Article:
There was one glaring mis-step from Ben Stokes which costa wicket on the second morning of the Ashes, giving Australian opener a reprieve when he was on 17.
It soon emerged that Stokes, bowling his first over in a test match since March, had also overstepped the crease on his previous three deliveries and not been called for a no-ball by the umpires.
Later still, Australia’s Ashes broadcaster Channel 7 revealed Stokes had overstepped the front crease 14 times in Thursdays’ opening session and had only been called twice for a no-ball.
The missed opportunity on Warner was a problem for Stokes and England. The amended decision: no ball. Warner got to play on. One run was added to the total _ in the sundries column _ and an extra delivery had to be bowled in the over.
what the hell did just happen? Stokes clean bowled Warner but on a no ball. unbelievable. today’s 1st no ball and that too on a wicket taking delivery.🏏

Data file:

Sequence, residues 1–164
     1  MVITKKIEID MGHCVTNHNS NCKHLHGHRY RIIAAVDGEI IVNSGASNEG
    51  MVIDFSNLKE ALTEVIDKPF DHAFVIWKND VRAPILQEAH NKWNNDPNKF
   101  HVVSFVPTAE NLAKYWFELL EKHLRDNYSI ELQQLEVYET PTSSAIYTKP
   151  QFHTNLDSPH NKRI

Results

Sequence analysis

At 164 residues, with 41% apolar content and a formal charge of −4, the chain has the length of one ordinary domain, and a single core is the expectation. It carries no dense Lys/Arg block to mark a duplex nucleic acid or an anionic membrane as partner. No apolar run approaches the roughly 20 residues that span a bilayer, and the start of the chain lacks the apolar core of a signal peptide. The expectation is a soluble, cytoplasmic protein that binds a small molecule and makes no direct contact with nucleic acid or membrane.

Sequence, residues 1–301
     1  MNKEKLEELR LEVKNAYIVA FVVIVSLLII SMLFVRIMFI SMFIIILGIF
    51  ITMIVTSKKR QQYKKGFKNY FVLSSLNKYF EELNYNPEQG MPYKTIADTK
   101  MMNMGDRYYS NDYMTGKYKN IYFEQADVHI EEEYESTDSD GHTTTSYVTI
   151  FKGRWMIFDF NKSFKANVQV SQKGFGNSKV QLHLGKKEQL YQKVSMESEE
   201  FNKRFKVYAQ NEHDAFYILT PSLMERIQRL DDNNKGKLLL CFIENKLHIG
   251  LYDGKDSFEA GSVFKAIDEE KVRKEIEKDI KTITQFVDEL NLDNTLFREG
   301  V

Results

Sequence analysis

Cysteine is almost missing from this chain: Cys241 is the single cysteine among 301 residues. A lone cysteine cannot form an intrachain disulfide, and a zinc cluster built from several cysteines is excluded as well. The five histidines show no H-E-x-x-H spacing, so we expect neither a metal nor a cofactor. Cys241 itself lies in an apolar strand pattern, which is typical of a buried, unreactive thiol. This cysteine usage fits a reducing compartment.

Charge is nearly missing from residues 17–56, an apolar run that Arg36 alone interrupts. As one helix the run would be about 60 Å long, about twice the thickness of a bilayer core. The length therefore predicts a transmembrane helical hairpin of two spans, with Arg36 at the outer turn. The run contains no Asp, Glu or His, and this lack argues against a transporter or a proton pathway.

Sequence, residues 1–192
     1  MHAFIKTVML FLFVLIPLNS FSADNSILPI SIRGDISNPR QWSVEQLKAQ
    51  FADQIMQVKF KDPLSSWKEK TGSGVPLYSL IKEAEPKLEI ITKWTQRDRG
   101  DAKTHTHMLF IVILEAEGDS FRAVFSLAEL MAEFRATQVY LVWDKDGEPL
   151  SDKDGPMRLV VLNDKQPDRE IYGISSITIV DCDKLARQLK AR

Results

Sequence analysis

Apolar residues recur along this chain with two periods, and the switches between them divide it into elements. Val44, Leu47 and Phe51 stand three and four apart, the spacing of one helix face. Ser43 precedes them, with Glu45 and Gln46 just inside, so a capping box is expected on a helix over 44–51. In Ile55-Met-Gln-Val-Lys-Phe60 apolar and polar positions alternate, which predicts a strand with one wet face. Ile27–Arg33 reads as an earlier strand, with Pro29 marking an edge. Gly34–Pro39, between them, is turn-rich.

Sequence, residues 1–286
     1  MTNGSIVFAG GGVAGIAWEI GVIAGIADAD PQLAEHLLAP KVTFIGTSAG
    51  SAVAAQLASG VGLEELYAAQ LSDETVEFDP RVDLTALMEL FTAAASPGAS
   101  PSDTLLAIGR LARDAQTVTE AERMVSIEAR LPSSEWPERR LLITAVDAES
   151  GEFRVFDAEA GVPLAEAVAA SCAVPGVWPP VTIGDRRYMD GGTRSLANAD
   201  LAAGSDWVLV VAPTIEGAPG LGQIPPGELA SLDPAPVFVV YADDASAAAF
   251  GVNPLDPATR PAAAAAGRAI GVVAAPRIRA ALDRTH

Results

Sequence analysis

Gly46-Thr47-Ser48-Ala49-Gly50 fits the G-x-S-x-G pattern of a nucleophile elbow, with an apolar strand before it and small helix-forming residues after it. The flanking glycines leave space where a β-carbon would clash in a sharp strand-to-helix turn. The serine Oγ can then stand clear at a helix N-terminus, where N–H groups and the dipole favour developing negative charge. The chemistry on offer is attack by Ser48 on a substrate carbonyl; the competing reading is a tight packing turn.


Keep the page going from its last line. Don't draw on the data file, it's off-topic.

— ansh sharma (@anshVK183)
But it exposed a bigger problem for the match officials.
Cricket Australia said a technology problem at the Gabba meant that the third umpire, Paul Wilson, couldn’t review TV replays of every delivery to check if bowlers were over-stepping the crease, leaving it to the on-field umpires to make the calls.
Ex-Australia test captaindescribed it as “pathetic officiating” during the match commentary.
Only wicket-taking deliveries are being checked for no ball by TV umpire this match. All other deliveries are responsibility of on-field umpire.
— Alison Mitchell (@AlisonMitchell)
The International Cricket Council is responsible for the implementation of that system that allows the TV official to check for no-balls.
Before a change in the rules last year, it was standard practice for on-field umpires to inform bowlers when they were close to over-stepping and to signal a no-ball.
England captain Joe Root, speaking to Fox Cricket during a break in play, said the missing chance against Warner was “frustrating.”
“The fact we’re creating a good number of chances is really pleasing,” he said. “We’ve got to stay confident … keep trusting what we’re doing and believing we’ll get the rewards.”
England was bowled out for 147 on day one of the series Wednesday, a tally the Australians passed with the loss of one wicket.